I was on KPBS's These Days yesterday morn (good to see Tom Fudge back in the saddle). Topic: the political storm following Jerry Sanders flip flop on gay marriage. My basic take: the most principled stance Sanders has taken while in office and the most politically damaging, at least when it comes to next June's primary race.
At one point a caller disagreed that gay marriage would be a significant issue next year: pension funds, water and the brass tacks of day to day government would be the main focus. Then caller Andrea from Sorrento Valley took me to task for doing more to whip up GLTG issues as a wedge issue than either party has. If it weren't for we pundits, in other words, making hay out of chaff, gay marriage would be a non-issue.
I had to respectfully disagree with both callers. Twere that it were that voters always put real issues ahead of emotional and irrational ones. If that was the case Karl Rove would have been out of work years ago.
I pointed out that, for better or ill (more "ill") Sander's decision had made national headlines when little else he has done has: we were just discussing what was - not necessarily what should be. I further pointed out that, if you don't think the GOP and conservative Republicans consider this a significant issue--wedge or otherwise--you're just not paying attention.
After the show I get into my car, turn on the radio and channel surf on the ride home. When I drive I'm constantly fiddling between NPR and AM squawk, from Rush on KOGO 600 on the conservative left of the San Diego dial to Air America KLSD 1360, for however long that lasts, on the progressive right of the dial. I like to get an idea what the blowhards of the radio blogosphere are pontificating about on both sides of the aisle. That and I can't stand to listen to any of them for more than a few minutes at a stretch.
So, anyway, I'm driving and listening and the very first thing I here is conservative Dennis Praeger on ultra-conservative KCBQ 1170. The topic de jour: Jerry Sanders, his abysmal flip flop on gay marriage and how important an issue it is to conservatives. Praeger said he thought gay marriage was THE issue of our times, far more important than things like for instance, gun control.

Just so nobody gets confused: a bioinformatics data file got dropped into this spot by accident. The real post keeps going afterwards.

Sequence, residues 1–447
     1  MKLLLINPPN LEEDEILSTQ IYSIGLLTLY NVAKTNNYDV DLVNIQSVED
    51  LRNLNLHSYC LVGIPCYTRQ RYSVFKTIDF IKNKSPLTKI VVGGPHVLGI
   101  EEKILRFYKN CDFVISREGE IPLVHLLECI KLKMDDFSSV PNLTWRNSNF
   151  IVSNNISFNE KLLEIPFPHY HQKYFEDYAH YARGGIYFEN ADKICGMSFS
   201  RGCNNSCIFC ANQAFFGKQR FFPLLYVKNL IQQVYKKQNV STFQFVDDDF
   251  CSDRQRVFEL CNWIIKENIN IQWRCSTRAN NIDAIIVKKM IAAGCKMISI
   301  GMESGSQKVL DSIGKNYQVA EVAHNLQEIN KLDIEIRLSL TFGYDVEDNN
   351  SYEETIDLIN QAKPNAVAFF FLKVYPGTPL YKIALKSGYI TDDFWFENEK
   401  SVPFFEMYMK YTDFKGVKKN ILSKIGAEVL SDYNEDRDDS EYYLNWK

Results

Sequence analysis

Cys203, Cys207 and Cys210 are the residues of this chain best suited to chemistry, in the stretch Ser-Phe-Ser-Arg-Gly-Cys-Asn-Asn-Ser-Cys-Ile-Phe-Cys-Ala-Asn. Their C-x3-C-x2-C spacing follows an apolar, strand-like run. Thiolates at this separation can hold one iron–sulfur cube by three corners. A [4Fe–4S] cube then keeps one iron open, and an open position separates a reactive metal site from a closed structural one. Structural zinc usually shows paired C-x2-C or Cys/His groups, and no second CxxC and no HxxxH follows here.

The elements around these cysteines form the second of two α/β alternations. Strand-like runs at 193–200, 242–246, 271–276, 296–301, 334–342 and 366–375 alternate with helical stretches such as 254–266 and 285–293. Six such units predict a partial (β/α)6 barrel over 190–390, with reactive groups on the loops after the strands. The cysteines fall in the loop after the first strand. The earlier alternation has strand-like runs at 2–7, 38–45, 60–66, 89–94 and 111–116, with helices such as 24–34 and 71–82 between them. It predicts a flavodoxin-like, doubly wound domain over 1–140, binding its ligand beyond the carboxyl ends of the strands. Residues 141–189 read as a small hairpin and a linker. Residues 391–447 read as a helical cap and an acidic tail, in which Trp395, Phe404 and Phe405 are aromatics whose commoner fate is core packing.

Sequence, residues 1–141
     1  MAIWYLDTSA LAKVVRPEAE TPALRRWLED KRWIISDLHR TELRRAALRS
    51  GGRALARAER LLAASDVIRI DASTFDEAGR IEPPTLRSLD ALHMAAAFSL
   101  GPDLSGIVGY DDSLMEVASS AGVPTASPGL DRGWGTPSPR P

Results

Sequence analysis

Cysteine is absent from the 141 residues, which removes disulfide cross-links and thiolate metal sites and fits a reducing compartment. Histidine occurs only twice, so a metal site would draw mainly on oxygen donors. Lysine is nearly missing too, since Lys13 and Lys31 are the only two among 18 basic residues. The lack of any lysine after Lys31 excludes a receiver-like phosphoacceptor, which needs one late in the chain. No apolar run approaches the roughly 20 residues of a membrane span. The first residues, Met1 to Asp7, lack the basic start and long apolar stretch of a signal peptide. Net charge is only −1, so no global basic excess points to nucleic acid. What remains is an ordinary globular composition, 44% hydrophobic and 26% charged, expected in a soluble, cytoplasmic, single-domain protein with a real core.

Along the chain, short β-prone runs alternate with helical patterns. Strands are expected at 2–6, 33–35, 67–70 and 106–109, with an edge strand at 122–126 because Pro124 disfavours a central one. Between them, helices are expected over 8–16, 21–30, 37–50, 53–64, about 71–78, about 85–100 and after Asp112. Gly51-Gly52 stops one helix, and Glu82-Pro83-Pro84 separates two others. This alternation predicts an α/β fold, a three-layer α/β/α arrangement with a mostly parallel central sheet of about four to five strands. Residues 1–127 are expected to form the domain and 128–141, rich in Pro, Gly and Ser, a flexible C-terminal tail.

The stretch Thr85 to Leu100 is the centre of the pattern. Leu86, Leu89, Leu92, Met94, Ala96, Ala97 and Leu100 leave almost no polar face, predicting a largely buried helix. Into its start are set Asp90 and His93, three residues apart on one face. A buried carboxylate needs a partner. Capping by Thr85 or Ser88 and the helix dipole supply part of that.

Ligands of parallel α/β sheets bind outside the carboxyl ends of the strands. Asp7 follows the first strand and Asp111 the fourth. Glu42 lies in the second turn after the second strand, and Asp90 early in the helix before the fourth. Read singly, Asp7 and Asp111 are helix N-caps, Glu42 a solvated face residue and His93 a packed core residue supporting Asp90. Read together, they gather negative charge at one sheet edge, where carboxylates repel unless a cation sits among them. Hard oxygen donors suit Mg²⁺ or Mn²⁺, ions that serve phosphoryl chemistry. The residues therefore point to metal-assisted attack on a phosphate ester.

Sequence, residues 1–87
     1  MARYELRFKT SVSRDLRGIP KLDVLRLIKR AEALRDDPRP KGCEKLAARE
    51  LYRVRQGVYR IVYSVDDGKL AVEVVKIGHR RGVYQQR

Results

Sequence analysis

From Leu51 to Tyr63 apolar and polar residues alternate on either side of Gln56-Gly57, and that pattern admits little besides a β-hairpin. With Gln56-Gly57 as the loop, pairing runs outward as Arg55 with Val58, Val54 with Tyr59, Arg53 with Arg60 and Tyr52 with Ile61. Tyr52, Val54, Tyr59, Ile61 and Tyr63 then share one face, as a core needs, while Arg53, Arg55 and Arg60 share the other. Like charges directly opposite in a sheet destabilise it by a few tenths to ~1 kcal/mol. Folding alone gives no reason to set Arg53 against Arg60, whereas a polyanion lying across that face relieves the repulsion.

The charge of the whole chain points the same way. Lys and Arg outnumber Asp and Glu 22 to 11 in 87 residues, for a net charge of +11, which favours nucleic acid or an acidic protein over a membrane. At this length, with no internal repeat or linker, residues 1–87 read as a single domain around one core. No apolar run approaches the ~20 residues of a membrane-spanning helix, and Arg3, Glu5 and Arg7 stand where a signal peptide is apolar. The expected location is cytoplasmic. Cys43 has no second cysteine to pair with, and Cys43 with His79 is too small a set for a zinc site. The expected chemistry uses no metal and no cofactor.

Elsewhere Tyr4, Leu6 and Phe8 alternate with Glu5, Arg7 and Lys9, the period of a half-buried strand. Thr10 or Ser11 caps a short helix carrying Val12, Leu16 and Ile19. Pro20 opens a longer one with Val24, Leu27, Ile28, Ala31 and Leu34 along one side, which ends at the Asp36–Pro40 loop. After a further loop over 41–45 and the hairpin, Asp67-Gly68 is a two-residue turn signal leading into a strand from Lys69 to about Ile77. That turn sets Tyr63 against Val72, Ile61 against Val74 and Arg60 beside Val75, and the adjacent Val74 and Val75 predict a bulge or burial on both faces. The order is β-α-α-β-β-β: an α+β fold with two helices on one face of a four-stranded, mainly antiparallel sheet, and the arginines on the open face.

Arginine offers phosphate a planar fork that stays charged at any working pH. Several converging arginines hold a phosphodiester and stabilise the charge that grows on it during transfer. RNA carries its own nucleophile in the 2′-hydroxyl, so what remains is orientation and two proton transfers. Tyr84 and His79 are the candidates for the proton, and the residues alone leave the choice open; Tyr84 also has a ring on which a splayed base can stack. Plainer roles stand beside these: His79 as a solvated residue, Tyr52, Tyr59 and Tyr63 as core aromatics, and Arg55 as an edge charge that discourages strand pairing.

(Which made me wonder just what Praeger, a commentator whose whole schtick is about how his views are based on unshakeable moral principles as opposed to mere politics, bases his claim to the moral high ground on? I mean, just how many people have been killed in unlicensed gay marriage ceremonies? As opposed to the 35,000 or so Americans "Edge of America" (hosted by one Rick Amato, an empty talking head so ill informed that he thought Bonnie Dumanis was the City District Attorney and didn't know she was gay--this guy makes Rick Roberts look like a sensitive intellectual). Amato's guest was none other than local reformed-gay turned-homophobic gay-basher James Hartline.
Topic du nuit? You guessed it. Jerry "Gay-lover" Sanders. Hartline, in a Falwellesque rant, blamed all the corruption in San Diego on the corrupt morality of our politicians and accused Sanders and Dumanis of being part of the gay conspiracy to take the gay issue off the table so they can distract as with issues like running the city, meanwhile pushing through their hidden gay agenda to take over society. Hartline went on to point out that Sanders gave money to groups that put on gay camps to brainwash children into becoming gay. At which point I turned to music.
(Note to the KCBQ program director: Dude, how do you stomach putting this drivel on the air?)
There you go. Told ya so. Look, I know Hartline is a nut job, Dimato is a troglodyte and Praeger is a moral fraud. But people listen to them. Little old ladies alone in their house late at night yearning for a human voice, angry white guys looking for someone to blame-conservative Republicans, for the most part, many of whom will base their vote on ephemeral, visceral issues like gay marriage.
And it is going to hurt Sanders in next year. Not because I want it to be so. Not because I say it will be so. But because that's the way the political process has been going (or, perhaps better said, corroding) for the last generation.
Which is actually good news for San Diego Democrats whose chances of winning the mayor's office (if they can only find a candidate...) will be much higher should Republican votes throw more support behind truer social conservative Steve Francis rather than Gentleman Jerry in the June primary. Facing a candidate from the conservative right, San Diego Democrats should be able to rally moderates and progressives to victory. Indeed, my bet is Democrats not only keep their 5:3 advantage on the council, but come out of the November election with a Democrat in the mayor's office and a 6:3 majority on the council.
But more on that later.